Sure, a hard drive is a hard drive is a hard drive. But the controllers are different. iPods are not manufactured to be used as dedicated USB drives. Sure, you can use them in disk mode for the occasional write. But they are not designed to take the same "beating"" that a standard drive takes. If anything, get yourself a 1.8" drive enclosure and mount the drive in that.

    Something like this:
  12. todd2000 macrumors 68000

    Nov 14, 2005
    Danville, VA
    Why are you using an 80GB drive to back up your 120GB Macbook? It's best to have a TM drive that is bigger then the drive your backing up. I would recommend at least 200GB for your MacBook. And since when is $209 cheap for an 80G HD? You can get MUCH larger external HDs for much less then $209, heck Newegg has a 1TB Lacie for $189.99

    To sum it up, just buy an external HD :)
  13. Le Big Mac macrumors 68030

    Le Big Mac

    Jan 7, 2003
    Washington, DC

    What he said--if you're using the iPod to back up, you can't use it for any of the other features, so why pay for them?

    The only way to use the iPod for backing up would be as a portable backup for certain critical files, so if your house burns down you either will have your iPod with you or you can grab it on the way out the door.
  14. iShater macrumors 604


    Aug 13, 2002
    +1 to all suggestions that it is a bad idea. The whole concept of a backup is that it is reliable, fast, available, etc. If the media you use is not designed for it, then your backup is just a copy that might not come through for you in your time of need.
  15. tangledweb16 thread starter macrumors regular


    Nov 29, 2007
  16. mosx macrumors 65816

    Mar 3, 2007
    Well, as I said before, if you read the white paper for the HDDs used in the iPods, you'll see they ARE designed to be used as "regular" HDDs.

    I'd say that its the iPod's usage that kills them. The SMART data on my 80GB 5.5G iPod already reports almost 6,000 starts/stops and I've only had it since March of '07. They're made for 100,000. Combine that with the physical abuse an iPod incurs on a regular basis.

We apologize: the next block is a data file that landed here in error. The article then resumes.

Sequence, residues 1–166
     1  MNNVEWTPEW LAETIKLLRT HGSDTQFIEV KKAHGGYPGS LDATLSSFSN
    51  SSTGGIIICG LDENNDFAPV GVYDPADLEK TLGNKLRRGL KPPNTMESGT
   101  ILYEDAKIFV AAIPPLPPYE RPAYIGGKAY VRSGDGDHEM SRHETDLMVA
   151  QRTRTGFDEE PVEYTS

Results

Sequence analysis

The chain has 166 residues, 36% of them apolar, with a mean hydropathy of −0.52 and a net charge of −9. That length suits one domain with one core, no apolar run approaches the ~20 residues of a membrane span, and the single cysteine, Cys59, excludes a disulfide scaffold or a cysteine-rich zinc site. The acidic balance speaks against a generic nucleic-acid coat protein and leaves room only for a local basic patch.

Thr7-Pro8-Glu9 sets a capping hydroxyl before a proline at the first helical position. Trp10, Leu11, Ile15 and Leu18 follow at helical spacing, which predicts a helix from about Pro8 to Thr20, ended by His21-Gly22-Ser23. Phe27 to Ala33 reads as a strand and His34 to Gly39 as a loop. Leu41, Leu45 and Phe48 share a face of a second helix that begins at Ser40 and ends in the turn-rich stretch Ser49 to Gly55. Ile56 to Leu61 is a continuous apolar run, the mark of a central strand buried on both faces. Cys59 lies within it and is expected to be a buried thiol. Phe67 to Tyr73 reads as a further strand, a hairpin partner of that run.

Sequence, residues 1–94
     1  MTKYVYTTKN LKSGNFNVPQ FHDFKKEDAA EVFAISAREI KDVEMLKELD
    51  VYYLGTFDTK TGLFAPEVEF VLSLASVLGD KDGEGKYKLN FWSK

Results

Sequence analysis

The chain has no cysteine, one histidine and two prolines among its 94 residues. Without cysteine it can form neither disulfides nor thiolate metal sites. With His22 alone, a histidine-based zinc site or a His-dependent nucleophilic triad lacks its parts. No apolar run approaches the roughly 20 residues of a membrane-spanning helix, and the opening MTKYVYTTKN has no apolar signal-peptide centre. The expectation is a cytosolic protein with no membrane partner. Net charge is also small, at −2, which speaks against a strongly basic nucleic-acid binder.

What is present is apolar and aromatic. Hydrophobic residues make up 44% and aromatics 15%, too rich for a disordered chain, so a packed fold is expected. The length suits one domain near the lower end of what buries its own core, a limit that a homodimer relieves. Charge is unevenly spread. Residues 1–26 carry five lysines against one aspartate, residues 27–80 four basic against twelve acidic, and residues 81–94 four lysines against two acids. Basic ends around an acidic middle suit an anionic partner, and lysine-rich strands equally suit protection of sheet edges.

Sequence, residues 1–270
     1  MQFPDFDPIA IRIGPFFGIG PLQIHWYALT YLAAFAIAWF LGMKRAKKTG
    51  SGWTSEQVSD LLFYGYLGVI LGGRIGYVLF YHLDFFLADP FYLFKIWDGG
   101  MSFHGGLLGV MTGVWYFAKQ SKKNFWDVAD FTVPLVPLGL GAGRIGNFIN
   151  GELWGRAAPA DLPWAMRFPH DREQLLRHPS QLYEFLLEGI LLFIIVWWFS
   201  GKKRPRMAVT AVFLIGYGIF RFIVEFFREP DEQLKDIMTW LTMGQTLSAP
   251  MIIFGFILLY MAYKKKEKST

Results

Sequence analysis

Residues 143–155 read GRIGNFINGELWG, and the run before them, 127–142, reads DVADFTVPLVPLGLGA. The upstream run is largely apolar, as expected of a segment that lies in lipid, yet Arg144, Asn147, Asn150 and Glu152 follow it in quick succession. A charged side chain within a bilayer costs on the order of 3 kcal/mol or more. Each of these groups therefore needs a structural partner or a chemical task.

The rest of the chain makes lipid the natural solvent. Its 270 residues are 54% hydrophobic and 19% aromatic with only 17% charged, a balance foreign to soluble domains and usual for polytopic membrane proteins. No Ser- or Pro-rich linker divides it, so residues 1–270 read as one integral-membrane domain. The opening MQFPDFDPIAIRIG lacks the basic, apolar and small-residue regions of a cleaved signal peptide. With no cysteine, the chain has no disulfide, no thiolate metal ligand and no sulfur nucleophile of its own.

Theres no reason one can't use an iPod as a Time Machine backup. The drive can handle it. Another person tried to state that the "controller is different". That is not true at all. The only difference is that Apple programs the software in a manner that it shuts the drive off almost immediately after it is done reading or writing.

    Your only real enemy is heat. The heat from having the drive on constantly will eventually wear away at the battery.

    It really doesn't make sense to use Time Machine at all unless you have A LOT of data. If you don't, just make quick backups every so often. Maybe a DVD a month or so.
  17. wilderw0956 macrumors newbie

    Oct 22, 2008
    it actually works pretty well.

    in my experience, time machine would not recognize the iPod classic as a backup drive.

    i even partitioned it, and it still didnt work.

    whatever you do, dont partition it!

    it takes a long time to undo, and you have to reset the iPod as well.

    i use iBackup to backup everything.

    it simply creates a folder in the iPod, no partitioning needed.

    it does take a while, but after the first time its pretty fast.

    ive read elsewhere that time machine worked, and i wish it did for me.

    i even had enough space to put my 11GB of music, videos, and photos on it, too.

    and i still have space to backup the 11GB, too.

    ive heard alot of people talking about the overheating issue.

    my iPod never overheated at all on the first sync.

    i even had a coldpack wrapped in a towel just in case, but i didnt need it.

    i synced about 40GB of data, and it stayed at room temperature!

  18. gnasher729 macrumors P6


    Nov 25, 2005
    Buy a cheap external drive, and give the iPod to someone who appreciates it.